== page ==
Author ORCID Identifier

https://orcid.org/0000-0002-3107-4657

Date of Award

12-21-2018

Degree Type

Dissertation

Degree Name

Doctor of Education (EdD)

Department

Educational Policy Studies

First Advisor

Yinying Wang, Ed.D.

Second Advisor

Richard Lakes, Ph.D.

Third Advisor

Susan Ogletree, Ph.D.

Abstract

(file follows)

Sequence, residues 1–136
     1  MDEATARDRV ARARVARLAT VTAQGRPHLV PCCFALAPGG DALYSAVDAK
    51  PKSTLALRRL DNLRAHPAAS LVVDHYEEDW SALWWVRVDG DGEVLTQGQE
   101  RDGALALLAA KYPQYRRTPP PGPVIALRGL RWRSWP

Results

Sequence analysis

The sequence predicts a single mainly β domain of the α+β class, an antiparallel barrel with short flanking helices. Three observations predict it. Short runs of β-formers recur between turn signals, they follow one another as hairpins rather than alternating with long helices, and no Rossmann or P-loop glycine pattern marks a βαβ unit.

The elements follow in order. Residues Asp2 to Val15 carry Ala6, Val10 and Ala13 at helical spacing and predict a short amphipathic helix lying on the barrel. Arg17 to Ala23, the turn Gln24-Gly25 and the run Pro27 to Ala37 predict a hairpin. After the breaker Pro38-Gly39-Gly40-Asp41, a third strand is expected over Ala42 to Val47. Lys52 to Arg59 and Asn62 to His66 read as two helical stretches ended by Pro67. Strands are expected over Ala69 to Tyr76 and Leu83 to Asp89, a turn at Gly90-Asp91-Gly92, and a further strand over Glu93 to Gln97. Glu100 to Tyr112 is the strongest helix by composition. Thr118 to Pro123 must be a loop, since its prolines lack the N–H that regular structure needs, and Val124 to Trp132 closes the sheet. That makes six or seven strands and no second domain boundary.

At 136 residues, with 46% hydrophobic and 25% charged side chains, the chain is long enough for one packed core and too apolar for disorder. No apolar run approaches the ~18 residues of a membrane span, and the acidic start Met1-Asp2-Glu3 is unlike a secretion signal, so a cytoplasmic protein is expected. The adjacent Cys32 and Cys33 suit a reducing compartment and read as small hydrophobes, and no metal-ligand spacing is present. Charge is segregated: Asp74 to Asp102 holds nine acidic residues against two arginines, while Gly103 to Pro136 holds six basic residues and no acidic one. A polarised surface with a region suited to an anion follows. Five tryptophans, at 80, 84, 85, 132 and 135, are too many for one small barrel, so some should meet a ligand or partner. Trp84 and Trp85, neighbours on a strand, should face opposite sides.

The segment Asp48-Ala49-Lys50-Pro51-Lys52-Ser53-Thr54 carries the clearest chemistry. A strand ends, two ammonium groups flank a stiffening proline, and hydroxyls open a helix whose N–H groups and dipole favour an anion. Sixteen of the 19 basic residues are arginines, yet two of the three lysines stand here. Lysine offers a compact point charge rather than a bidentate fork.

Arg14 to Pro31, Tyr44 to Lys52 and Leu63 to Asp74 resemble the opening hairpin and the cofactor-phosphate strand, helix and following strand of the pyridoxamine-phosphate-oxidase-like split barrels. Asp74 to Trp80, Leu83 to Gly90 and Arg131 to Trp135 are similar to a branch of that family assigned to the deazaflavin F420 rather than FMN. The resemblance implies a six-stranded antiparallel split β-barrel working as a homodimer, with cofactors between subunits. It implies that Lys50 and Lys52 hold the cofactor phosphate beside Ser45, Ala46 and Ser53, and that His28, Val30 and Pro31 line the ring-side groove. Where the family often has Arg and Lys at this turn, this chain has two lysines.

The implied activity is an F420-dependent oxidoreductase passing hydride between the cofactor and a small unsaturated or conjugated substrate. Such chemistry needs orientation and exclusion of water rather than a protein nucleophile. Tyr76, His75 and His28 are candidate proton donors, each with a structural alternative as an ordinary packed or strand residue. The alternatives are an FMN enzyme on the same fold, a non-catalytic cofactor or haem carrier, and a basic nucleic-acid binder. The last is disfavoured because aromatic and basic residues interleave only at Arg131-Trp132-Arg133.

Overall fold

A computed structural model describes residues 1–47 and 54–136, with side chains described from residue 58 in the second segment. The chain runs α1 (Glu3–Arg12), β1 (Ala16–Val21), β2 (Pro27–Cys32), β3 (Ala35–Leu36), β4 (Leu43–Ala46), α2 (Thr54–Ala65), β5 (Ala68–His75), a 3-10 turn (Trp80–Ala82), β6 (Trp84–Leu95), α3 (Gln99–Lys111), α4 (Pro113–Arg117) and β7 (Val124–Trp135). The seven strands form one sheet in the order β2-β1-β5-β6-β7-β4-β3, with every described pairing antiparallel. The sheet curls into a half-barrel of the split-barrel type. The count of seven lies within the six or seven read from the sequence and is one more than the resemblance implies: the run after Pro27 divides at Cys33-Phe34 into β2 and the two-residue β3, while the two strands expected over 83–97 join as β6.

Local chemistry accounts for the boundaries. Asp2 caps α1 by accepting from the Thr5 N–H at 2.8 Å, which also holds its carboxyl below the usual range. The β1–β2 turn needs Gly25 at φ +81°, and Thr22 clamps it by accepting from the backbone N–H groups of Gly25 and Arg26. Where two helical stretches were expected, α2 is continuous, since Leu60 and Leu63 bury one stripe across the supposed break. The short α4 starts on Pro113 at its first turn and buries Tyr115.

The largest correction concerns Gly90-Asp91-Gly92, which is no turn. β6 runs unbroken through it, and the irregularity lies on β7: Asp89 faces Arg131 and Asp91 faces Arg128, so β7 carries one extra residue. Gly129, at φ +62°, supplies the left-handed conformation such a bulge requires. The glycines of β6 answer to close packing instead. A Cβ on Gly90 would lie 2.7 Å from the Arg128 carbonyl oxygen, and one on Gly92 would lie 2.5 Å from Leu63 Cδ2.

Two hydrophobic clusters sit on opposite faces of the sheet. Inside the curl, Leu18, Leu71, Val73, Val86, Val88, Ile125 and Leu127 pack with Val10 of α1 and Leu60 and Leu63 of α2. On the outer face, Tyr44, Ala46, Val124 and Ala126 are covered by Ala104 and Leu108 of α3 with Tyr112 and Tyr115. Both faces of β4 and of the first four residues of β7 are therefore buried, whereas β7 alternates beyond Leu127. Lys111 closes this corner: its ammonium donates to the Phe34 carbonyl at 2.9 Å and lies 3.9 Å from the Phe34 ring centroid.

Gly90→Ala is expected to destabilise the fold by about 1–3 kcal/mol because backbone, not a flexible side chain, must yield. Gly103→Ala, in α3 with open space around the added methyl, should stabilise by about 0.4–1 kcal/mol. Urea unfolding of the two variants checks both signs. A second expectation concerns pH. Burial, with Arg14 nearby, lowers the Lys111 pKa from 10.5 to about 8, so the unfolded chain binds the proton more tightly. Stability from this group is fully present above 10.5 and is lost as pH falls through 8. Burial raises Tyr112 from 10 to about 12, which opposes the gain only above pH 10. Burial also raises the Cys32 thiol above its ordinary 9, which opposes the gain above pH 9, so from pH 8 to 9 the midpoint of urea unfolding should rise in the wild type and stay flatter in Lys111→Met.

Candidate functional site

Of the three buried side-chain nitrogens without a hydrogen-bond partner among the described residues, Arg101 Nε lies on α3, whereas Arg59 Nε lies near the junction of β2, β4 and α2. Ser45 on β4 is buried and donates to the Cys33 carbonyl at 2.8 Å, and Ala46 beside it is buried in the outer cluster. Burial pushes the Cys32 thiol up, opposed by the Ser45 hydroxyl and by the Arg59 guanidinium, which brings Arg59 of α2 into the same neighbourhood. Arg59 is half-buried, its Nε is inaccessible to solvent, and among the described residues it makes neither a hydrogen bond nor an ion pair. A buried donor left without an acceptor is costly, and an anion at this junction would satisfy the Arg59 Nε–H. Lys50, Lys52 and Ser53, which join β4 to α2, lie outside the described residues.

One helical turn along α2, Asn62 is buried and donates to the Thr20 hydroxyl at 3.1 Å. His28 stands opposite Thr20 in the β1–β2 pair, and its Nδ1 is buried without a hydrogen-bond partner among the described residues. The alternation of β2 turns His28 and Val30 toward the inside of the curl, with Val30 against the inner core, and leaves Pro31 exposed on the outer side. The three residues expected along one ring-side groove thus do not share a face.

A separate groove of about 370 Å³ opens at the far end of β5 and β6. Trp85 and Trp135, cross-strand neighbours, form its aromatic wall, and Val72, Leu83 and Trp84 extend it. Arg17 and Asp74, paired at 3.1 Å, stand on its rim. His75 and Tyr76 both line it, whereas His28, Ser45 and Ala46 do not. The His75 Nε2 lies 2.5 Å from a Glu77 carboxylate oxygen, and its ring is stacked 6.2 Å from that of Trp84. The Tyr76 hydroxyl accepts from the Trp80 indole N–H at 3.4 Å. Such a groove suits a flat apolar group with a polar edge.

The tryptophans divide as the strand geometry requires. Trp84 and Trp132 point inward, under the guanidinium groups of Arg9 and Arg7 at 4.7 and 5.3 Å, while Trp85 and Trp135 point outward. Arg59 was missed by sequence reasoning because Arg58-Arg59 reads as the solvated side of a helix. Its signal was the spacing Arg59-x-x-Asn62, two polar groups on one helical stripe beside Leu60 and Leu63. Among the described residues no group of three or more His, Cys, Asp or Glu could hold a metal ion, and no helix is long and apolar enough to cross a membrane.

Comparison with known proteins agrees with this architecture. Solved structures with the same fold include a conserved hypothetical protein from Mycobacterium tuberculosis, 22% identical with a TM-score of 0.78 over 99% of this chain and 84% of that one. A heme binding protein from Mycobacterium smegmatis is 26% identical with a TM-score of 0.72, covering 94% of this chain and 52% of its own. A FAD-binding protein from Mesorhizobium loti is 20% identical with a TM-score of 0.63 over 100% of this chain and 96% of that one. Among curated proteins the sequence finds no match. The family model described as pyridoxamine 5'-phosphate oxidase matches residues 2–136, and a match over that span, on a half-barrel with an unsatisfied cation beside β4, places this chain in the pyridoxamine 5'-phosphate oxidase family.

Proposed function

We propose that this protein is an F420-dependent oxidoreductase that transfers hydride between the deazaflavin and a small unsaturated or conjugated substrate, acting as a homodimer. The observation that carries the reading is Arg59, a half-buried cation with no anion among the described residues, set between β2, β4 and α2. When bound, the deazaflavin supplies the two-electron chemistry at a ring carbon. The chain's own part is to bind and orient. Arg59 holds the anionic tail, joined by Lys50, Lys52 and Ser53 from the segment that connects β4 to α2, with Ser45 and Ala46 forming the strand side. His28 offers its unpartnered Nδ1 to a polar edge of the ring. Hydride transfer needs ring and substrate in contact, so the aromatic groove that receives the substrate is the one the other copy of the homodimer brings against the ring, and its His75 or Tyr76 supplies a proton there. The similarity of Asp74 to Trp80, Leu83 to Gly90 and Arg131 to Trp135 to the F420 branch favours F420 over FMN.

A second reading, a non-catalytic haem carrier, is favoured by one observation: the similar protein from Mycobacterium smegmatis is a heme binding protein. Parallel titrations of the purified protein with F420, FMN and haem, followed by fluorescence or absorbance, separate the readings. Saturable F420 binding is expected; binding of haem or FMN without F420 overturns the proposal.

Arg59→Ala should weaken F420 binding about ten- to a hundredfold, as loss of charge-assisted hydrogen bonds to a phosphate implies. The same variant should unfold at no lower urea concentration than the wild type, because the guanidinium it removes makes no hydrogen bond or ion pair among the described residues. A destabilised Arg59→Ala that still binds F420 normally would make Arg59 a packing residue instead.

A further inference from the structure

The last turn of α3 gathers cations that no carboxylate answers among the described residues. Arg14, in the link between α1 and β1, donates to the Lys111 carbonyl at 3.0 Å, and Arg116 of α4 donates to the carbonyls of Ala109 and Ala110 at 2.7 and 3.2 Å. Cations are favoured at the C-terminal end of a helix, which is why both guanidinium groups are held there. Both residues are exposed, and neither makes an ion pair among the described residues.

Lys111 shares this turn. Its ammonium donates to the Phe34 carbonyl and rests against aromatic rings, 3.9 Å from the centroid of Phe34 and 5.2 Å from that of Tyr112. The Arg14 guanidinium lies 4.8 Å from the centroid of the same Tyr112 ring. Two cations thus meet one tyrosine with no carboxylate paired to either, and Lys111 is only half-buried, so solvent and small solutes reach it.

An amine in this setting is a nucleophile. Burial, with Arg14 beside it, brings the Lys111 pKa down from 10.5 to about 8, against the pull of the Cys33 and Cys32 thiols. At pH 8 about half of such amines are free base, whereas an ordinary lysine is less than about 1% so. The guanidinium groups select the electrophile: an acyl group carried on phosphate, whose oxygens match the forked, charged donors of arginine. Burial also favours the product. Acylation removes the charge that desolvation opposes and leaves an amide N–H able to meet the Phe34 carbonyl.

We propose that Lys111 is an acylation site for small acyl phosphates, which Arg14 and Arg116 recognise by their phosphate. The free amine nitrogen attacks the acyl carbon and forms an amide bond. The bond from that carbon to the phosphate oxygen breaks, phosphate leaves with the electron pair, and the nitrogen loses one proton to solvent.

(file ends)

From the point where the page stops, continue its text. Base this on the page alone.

Purpose: The purpose of this study is to examine the effective social justice instructional leadership practices of leaders in schools implementing the International Baccalaureate (IB) Primary Years Programme (PYP) and identify challenges and barriers these leaders experience when implementing social justice instructional leadership. Framework: Social justice instructional leadership (SJIL) includes: (a) establishing vision to promote a safe and inclusive environment, (b) facilitating high-quality learning experiences with an engaging curriculum that includes multiple perspectives, (c) building capacity of the entire school community to positively impact achievement, (d) creating a supportive organization for all stakeholders, and (e) collaboration with external partners for innovation, support, and resources. Methods: This qualitative case study employed interviews and examination of documents to identify the effective SJIL actions of school leaders and the challenges these leaders experienced in IB PYP schools in one urban, southeastern school district. Deductive and inductive analysis techniques helped categorize emergent themes related to effective practices and challenges. Findings: The findings of this study present actions that PYP leaders identified as having a positive impact on the social-emotional and academic growth of students in traditionally marginalized groups including developing a culturally responsive environment, providing access to learning in inclusive and diverse settings, building a data driven culture, fostering relationships, and educating stakeholders. The findings also provide suggested strategies for overcoming roadblocks to SJIL including providing intensive teacher support, implementing targeted professional learning, educating parents, soliciting support through outreach, and partnering with organizations for wrap-around services. Implications: The findings of this inquiry suggest that to develop school cultures that promote institutional access, educational equity, and academic success for all students, school leaders must be deliberate when: hiring and developing teachers, budgeting, and implementing resources, practices, and protocols. This study also reinforces the need for providers of educational leadership training to include SJIL practices, methodologies, and competencies in leadership programs. Finally, the results of this study support the need for states and districts to change education funding formulas based on the needs of students to enable districts and schools to serve their neediest children with fewer barriers.

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